The U.S. decision to blacklist the Haqqani Network may increase tensions with Pakistan, where the militant group has bases, substantial economic activities and ties to the country’s intelligence services.
The Obama administration is likely to tell Congress that the Haqqani network meets the criteria for being declared a foreign terrorist group, three U.S. government officials said, stopping short of saying such a designation would be made immediately.
Republican and Democratic lawmakers are urging U.S. Secretary of State Hillary Clinton to designate a militant group behind attacks on NATO forces in Afghanistan as a “foreign terrorist organization,” an action which might further strain U.S. relations with Pakistan.
The Obama administration is in the final stages of a “formal review” on whether to declare the Pakistan-based Haqqani group a “foreign terrorist organization,” U.S. Secretary of State Hillary Clinton said.
– The political pressure on President Barack Obama to speed the withdrawal of U.S. troops from Afghanistan has grown since the death of al-Qaeda leader Osama bin Laden and is complicating his second goal in the region: getting Pakistan to move against Taliban operations on its side of the border.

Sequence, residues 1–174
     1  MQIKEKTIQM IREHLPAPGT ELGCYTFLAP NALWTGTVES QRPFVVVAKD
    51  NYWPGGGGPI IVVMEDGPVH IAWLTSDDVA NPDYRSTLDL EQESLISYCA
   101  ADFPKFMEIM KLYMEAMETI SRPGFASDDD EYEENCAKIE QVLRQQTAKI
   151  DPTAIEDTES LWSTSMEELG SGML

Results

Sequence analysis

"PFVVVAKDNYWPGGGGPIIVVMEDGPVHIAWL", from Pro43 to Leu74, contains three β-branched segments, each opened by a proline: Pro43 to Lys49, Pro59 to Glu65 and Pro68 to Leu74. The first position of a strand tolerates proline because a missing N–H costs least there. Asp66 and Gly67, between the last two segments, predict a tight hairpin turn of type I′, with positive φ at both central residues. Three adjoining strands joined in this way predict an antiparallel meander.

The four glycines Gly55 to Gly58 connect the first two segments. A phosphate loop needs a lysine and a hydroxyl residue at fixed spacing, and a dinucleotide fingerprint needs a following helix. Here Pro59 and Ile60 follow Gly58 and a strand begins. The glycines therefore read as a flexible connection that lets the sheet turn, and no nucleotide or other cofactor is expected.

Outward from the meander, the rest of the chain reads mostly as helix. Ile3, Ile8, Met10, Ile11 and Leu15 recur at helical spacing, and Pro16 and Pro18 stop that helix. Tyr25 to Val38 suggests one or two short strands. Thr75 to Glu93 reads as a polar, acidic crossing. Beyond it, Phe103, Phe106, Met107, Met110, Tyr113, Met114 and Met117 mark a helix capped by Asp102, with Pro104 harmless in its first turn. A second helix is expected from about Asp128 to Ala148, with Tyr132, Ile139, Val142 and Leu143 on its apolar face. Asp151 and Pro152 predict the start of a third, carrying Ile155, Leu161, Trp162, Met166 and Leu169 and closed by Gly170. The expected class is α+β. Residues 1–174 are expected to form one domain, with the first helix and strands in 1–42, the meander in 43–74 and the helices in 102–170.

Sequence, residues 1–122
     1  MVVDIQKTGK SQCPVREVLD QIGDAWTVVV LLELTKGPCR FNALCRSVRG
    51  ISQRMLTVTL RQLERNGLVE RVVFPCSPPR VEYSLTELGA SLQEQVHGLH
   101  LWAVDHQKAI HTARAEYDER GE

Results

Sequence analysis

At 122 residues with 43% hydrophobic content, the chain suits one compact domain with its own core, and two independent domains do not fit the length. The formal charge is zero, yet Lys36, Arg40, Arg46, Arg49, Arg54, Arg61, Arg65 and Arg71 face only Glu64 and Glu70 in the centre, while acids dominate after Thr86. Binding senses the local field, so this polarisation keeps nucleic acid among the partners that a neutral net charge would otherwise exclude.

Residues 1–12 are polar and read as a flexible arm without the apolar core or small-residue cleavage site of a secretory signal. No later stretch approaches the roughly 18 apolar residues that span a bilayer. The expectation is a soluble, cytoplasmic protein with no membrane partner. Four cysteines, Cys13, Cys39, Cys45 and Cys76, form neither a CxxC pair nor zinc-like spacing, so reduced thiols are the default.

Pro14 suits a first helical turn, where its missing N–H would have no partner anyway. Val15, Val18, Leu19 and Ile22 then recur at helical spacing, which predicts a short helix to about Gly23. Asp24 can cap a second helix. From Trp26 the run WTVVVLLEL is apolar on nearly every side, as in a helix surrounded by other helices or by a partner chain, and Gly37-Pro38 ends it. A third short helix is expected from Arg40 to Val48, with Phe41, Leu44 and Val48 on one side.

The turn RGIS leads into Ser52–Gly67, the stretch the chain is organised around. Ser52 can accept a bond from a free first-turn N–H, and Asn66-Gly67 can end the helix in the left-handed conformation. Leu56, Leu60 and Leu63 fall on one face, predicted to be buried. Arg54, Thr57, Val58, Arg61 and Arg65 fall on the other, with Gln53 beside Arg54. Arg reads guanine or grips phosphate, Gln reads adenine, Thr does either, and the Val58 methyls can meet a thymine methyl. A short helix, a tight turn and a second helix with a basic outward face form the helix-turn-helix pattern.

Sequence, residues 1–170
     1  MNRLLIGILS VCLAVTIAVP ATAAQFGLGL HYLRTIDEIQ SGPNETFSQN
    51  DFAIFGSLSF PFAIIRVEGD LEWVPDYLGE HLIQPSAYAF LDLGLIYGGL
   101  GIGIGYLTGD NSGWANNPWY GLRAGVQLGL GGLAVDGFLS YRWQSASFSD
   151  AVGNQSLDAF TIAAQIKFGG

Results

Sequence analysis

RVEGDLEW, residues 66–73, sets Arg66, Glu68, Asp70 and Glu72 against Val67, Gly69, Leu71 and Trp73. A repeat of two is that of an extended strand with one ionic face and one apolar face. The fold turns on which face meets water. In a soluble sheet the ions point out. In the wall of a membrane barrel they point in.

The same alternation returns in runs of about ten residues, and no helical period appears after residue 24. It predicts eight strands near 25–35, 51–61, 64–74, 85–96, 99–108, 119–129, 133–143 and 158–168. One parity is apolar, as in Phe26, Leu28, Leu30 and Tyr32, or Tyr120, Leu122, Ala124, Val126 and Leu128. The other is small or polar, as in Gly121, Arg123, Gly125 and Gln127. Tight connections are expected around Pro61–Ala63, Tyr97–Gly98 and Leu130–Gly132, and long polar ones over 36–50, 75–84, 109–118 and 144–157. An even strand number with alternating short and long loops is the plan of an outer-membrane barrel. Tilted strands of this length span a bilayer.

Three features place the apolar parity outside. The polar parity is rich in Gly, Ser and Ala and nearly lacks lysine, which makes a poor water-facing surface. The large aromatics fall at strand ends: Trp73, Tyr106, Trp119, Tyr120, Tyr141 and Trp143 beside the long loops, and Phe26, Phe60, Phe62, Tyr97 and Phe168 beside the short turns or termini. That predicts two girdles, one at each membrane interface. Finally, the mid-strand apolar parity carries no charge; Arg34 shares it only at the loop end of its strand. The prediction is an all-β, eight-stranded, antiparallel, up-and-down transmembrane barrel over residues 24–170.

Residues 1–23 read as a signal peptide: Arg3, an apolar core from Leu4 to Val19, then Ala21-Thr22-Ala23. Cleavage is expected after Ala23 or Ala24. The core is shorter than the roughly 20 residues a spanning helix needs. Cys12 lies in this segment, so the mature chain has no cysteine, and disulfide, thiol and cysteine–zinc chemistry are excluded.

The ouster yesterday of Pakistan’s envoy to Washington marks a victory for the nation’s military and spy services in a power struggle with elected leaders that may strain U.S. relations, former U.S. officials said.
The U.S. is taking a more demanding approach to Pakistan since Osama bin Laden’s May 2 death, pressing for increased counterterrorism cooperation just as the Pakistani public and the nation’s powerful officer corps are calling for less.
Protests in Pakistan sparked by Osama bin Laden ’s killing have drawn smaller crowds than those over U.S. drone attacks, showing that the al-Qaeda leader failed to win broad support even amid widespread anti-American sentiment.